Mummies found buried on ships in a desert in China have unexpected origins

New techniques in Ancient DNA analyzes are providing increasingly tantalizing details about prehistory, including some of the latest scientific discoveries from last week.

I’m Katie Hunt, replacing Ashley Strickland, who is on vacation.

In an inhospitable desert in northwest China, hundreds of incredibly intact mummies, buried in ships, were discovered in the 1990s. Bronze Age mummies date back 4,000 years. Its identity has puzzled archaeologists for a long time.

In a new study, scientists sequenced the genomes of 13 of the bodies and found that they were descendants of hunter-gatherers from the ice age.

While this population was genetically isolated, the clothing of the mummies and the food in their unusual tombs suggested that they interacted extensively with other groups living in the region at the same time. But the ships in which they were buried remain a mystery.

Change of climate

Ancient DNA that contains secrets from the past is not only found in old bones.

All animals, including humans, shed genetic material when they lose their hair, shed dead skin cells, pee, poop and bleeding. This genetic material seeps into the ground, where it can remain for tens, if not hundreds, of thousands of years, when conditions are right.

To track down the whereabouts of woolly mammoths and other giant ice age creatures, scientists took soil samples from locations across the Arctic, extracting DNA from permafrost and sediment. in an ambitious study.

Competing theories have been debated for a century, but what the research team found suggested that it was climate change that doomed mammoths to extinction. In fact, the last battle of this megafauna took place in a unique arctic ecosystem that does not exist today.

Other worlds

This composite image shows the Whirlpool Galaxy, with X-rays from Chandra and optical light from NASA's Hubble Space Telescope containing a box marking the location of the possible candidate planet.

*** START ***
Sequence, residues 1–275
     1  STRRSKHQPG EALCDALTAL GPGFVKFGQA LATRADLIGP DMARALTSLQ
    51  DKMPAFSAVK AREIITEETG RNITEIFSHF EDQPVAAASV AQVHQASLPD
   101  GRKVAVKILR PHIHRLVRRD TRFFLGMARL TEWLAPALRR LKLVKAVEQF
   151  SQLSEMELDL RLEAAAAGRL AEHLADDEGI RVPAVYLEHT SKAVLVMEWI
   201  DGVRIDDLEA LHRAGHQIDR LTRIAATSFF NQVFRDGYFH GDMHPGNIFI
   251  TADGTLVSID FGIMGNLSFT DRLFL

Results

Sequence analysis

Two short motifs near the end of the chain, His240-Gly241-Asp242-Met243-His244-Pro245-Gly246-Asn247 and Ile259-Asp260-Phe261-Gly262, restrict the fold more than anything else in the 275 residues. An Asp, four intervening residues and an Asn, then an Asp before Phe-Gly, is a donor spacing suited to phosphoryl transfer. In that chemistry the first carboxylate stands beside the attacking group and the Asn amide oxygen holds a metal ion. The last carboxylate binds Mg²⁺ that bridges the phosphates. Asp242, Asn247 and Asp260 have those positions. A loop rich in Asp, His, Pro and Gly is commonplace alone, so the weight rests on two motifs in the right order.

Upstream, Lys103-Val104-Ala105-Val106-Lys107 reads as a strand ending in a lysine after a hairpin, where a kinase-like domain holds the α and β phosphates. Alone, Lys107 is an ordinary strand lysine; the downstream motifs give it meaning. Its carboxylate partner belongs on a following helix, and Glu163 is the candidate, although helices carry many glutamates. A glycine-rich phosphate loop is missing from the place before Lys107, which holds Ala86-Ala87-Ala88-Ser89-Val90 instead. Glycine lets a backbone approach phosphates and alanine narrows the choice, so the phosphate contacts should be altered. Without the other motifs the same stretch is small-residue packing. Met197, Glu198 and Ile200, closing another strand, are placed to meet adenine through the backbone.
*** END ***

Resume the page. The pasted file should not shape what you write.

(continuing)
The first planet outside our own solar system was discovered in 1995, an award-winning feat. the Nobel Prize in Physics in 2019.

We currently know more than 4,000 of these exoplanets. However, all identified exoplanets rotate within the Milky Way, our local galaxy, and are less than 3,000 light years away.

Now, NASA’s Chandra X-ray Observatory may have detected signs of the first transiting planet from a star outside the Milky Way. Located in the Whirlpool Galaxy, the possible planet would be about 28 million light years away.

However, due to its large orbit, it will be up to the next generation of astronomers to confirm whether scientists have discovered an extragalactic exoplanet, using a strategy involving X-ray wavelengths.

Fantastic creatures

This might just be the weirdest cute animal you’ve ever heard of. Dicynodonts lived from about 270 million to 201 million years ago, before the rise of the dinosaurs. From rat to elephant size, these creatures had a turtle-shaped head and fangs that protruded from the upper jaw.

Their fossils are shedding light on the evolution of a surprising piece of anatomy common to mammals alive today (think hippos, wild boars, walruses, and elephants), but not found in birds, fish, or reptiles: Dicynodonts. they were the first animals to wear fangs.

Surprisingly, there wasn’t a single time in their evolutionary history when tusks evolved, the researchers learned, but the variations shared a combination of characteristics found in mammals today.

Wild kingdom

This lemur has a rhythm.  A male indri is displayed in the Andasibe-Mantadia National Park, Madagascar.

If you’ve ever caught the beat of Queen’s “We Will Rock You,” you have more in common with the lemurs of Madagascar than you might think.

It turns out that the rhythm patterns in that song are shared by intriguing vocalizations made by our primate cousin the Indri indri, an endangered species of lemur that is one of the few animal species with a sense of rhythm.

Discovering this was not easy: the researchers spent years tracking indris to capture recordings of them singing in the jungle pavilion. The results could expand our understanding of the origins of rhythmic skills.

The wonder

Before you leave:

– A new type of DNA analysis has revealed the closest living relative of the legendary Lakota Sioux Chief Sitting Bull.
– Incidents of great white sharks biting humans are believed to be a case of mistaken identity, and now the latest research shows why this can really be what’s going on.
Marvel at the captivating images which won the British Ecological Society photography contest.
And to commemorate this Halloween, take a look the science behind the fear – whether you are a skittish cat or love a good scare.

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